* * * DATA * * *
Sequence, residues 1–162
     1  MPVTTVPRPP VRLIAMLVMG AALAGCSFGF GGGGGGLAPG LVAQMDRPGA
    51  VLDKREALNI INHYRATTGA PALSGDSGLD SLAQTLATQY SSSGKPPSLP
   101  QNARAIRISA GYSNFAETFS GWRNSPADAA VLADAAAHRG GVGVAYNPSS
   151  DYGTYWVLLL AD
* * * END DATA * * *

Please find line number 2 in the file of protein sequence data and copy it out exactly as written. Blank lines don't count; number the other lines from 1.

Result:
     1  MPVTTVPRPP VRLIAMLVMG AALAGCSFGF GGGGGGLAPG LVAQMDRPGA